RIO RANCHO, N.M. — University of New Mexico Sandoval Regional Medical Center has felt some recent pressure, as revenues have once again fallen short of projections and major site visits by accrediting agencies are just a few weeks away.
Darlene Fernandez, interim director of finance, sparked a discussion at Wednesday’s hospital board meeting with her report that SRMC’s net income was a $5.7 million loss for the year.
At last month’s board meeting, UNM Chancellor for Health Sciences Dr. Paul Roth acknowledged the hospital staff for pulling out of financial losses and moving into a projected period of positive revenues.
Fernandez pointed out patient days, discharges, outpatient clinic visits, emergency department visits and operations were each below budget. The number of patient visits has mostly fallen since early March, according to the agenda packet distributed at the meeting.
Roth, UNM Hospitals CEO Steve McKernan, SRMC Chief Medical Officer Dr. Tony Ogburn and UNM Health System Executive Physician-in-Chief Dr. Michael Richards took up the response.
“We’re going, I think, to be in a continuing loss position going out, unless we get the volumes up,” McKernan said. “We need another 10- to 15-percent increase in business to level this off at this point, and, if not, I think we’re going to have losses April through June.”
Roth asked Ogburn about expanding clinical services. Ogburn assured him SRMC had lined up several new physicians, who would boost services and the number of surgeries. That would bring more patients to the hospital and boost revenues by July or August.
Richards talked about measuring the number of patients seen by each doctor at SRMC. He has prepared a report that shows “the overall level of productivity is about 25 percent below the benchmark.” Some providers are already productive enough, but others have room for improvement.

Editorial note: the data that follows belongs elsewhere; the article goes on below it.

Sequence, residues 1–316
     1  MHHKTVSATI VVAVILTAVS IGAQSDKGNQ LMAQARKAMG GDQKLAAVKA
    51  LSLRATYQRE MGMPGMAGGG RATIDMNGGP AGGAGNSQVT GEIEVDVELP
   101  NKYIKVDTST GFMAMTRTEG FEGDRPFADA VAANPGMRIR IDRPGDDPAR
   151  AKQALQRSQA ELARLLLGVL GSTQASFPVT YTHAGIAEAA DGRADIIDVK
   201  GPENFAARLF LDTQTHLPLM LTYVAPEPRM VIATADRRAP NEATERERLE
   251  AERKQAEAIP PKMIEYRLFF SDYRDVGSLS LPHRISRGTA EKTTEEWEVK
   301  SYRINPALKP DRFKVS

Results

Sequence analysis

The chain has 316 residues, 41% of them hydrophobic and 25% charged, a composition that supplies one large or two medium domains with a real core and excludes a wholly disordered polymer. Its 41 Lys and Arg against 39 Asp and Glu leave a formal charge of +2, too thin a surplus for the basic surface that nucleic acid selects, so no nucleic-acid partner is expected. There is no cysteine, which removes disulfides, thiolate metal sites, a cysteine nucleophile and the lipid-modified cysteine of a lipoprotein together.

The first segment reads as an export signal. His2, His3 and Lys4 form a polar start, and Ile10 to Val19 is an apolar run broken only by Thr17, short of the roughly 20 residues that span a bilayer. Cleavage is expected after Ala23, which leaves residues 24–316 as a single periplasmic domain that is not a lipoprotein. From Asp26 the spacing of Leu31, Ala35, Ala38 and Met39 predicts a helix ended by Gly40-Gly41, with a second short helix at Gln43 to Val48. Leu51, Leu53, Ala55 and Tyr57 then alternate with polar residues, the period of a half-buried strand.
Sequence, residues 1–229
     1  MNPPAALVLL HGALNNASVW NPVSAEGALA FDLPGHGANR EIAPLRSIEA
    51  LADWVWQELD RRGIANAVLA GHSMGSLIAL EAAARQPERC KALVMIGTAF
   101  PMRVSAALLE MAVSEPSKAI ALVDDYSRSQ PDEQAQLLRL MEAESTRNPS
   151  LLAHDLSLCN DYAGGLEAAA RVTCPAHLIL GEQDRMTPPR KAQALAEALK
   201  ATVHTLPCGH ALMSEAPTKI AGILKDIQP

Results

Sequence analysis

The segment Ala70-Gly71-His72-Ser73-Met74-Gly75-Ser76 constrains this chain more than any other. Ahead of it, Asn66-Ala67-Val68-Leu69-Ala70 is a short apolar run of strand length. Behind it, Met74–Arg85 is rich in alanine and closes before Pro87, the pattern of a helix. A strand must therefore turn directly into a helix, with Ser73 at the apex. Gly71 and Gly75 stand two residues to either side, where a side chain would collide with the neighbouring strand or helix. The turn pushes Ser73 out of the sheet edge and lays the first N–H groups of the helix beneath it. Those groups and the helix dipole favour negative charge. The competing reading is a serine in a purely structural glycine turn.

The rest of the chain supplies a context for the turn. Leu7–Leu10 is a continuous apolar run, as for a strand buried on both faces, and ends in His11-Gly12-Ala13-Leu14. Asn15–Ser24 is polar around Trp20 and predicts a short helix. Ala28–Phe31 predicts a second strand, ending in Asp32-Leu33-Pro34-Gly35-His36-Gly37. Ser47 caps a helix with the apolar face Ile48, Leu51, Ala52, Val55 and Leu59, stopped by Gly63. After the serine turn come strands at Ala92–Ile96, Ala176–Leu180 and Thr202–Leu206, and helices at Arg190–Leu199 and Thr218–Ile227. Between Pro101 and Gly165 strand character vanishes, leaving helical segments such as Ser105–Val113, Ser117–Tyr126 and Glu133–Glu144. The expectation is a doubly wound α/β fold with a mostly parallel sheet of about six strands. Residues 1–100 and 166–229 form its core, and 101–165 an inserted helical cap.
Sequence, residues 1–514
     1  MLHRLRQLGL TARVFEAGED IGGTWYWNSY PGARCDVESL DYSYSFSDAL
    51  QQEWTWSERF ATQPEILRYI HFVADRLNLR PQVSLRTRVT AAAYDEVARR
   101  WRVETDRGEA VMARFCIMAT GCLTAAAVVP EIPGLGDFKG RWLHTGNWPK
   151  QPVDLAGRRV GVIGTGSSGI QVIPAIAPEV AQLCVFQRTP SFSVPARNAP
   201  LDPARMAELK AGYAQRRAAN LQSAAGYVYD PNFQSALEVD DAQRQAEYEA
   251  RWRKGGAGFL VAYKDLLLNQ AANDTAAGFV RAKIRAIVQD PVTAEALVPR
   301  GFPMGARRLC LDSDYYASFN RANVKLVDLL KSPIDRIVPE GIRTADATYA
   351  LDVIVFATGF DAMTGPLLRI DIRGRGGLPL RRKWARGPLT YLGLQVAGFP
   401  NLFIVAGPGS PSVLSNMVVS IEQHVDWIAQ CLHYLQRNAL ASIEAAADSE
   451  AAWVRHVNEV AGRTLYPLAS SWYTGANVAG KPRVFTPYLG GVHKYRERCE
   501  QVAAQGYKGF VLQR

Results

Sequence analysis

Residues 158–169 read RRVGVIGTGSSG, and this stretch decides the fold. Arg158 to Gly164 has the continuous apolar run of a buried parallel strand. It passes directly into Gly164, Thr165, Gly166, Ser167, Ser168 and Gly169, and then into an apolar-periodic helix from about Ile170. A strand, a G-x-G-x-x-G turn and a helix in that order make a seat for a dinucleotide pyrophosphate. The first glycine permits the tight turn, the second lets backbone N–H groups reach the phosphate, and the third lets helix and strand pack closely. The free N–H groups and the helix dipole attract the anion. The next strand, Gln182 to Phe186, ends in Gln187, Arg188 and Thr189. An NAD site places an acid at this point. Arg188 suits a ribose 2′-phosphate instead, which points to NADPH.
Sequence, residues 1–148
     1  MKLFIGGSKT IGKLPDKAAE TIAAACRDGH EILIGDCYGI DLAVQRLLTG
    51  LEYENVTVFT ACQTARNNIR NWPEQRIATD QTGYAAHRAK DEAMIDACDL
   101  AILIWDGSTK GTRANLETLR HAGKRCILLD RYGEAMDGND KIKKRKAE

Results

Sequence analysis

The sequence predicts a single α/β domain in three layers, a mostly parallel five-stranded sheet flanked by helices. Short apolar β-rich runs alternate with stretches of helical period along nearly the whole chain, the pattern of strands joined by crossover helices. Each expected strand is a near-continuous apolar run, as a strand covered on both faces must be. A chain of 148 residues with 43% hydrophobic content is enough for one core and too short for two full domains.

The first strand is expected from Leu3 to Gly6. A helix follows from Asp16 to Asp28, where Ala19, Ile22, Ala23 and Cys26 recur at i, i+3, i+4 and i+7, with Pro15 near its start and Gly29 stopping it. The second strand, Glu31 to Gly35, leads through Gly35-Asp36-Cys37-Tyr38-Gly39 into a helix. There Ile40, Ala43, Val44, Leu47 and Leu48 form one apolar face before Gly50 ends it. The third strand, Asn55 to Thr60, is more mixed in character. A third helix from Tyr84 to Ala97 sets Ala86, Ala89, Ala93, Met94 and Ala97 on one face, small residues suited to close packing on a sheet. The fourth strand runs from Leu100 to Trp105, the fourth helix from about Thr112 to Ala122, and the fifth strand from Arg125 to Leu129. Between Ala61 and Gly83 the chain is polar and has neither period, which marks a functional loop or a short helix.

Soon SRMC will have the means to determine “what level of revenues we should see associated with our current professional workforce,” which will allow “much better financial forecasting for the facility,” Richards said.
Roth suggested the administration could present a four-month plan with metrics at the next board meeting.
On May 2, the American College of Surgeons will survey the SRMC bariatric program, which hopes to shift from provisional to full accreditation, Jamie Silva-Steele, interim president and CEO, said in her report.
Teresa Royer, executive director of quality management at UNM Hospitals, talked about SRMC’s shift to a new system of accreditation with The Joint Commission, which has already happened for the rest of UNM Health Systems.
Silva-Steele said the hospital’s current accreditation with DNV Healthcare Inc. expires Aug. 15.
“The cycle to joint commission usually takes six to 12 months and we’re doing it in about two,” Royer said of her recent work at SRMC.
SRMC expects the commission to visit May 20 and then again in the summer.
The hospital does not know exactly when the follow-up visit will occur, but it expects it will have addressed 30 or so findings from the three-day TJC visit, which is designed to detect 7,000 different vulnerabilities, she said.
The Centers for Medicare & Medicaid Services would schedule a visit to SRMC if the hospital fails to fix high-risk vulnerabilities, which Royer described as “the worst thing that could happen to us.”